well. Based on a 2010 questionnaire, CPUP has been
very well-received by parents and providers alike [25],
and the goal is to reach the same high levels of partic-
ipation and satisfaction among adults with CP, despite
their more scattered health care situations. The under-
lying principles for adults are similar to those used
in childhood, but with some necessary changes imple-
mented. Along with the medical data, data are also be-
ing collected on variables that may be more applica-
ble to adults – such as activities of daily living, occu-
pation/education status, living arrangements, and rela-
tionship status. Figures 1–2 depict the process flow and
the recommended follow-up schedule for children and
the young adults who are followed up in CPUP.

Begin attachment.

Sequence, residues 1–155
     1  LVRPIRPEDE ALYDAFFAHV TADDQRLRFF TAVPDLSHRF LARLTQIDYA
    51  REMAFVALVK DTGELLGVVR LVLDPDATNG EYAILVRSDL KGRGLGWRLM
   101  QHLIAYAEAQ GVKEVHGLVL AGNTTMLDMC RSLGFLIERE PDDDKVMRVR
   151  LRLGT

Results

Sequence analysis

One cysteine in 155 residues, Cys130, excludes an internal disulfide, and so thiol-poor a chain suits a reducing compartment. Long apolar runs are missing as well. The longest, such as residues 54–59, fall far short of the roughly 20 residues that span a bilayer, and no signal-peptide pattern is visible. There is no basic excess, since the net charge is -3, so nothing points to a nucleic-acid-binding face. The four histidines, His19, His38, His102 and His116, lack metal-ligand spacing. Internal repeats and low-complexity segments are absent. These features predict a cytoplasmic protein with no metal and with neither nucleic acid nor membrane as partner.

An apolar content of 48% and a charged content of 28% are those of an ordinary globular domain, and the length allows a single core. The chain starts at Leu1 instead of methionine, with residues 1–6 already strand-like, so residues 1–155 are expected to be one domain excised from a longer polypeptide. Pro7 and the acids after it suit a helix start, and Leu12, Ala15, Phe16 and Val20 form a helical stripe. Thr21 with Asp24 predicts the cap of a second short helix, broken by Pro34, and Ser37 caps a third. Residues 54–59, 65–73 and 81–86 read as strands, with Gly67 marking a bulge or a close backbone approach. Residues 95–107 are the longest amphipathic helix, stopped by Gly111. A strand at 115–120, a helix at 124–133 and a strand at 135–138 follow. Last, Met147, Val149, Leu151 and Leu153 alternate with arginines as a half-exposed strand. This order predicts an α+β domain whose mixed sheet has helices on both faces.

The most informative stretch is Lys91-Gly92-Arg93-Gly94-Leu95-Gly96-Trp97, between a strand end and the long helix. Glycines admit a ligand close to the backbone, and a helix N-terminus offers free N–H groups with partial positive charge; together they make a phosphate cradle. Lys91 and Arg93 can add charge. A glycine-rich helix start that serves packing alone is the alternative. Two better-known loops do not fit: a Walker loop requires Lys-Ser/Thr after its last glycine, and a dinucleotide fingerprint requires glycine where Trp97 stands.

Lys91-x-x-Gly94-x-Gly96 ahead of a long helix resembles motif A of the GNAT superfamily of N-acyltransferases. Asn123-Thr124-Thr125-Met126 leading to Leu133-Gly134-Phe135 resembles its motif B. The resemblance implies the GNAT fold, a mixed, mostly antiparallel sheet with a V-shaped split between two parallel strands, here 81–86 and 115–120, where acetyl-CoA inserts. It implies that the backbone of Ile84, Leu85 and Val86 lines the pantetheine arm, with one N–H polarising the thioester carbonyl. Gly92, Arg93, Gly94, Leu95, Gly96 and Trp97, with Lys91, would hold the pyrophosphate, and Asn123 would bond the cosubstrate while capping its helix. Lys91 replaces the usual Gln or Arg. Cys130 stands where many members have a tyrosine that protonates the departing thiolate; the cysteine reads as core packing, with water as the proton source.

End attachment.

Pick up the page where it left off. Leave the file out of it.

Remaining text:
In addition to this review of how transition for in-
dividuals with CP is taking shape in Sweden, baseline
data from the pilot project that led to the establishment
of CPUP for adults are presented.
2. Methods
This is a cross-sectional study based on data from
the CPUP registry. Data included all adults examined
from October 2009 until December 2011 in southern
2.1. Participants
In January of 2009, a total population of 172 per-
sons, born 1988–1991, and with a diagnosis of CP
resided in the Skåne and Blekinge counties. This to-
tal population was determined using a range of differ-
ent methods in combination with the Swedish popula-
tion registry [26]. Most of the cohort born 1988–1989
were well-known from previous pediatric clinical con-
tacts, and the cohort born 1990–1991 was already fol-
lowed by CPUP. Pediatric, orthopedic, and habilitation
services medical records were also searched to find all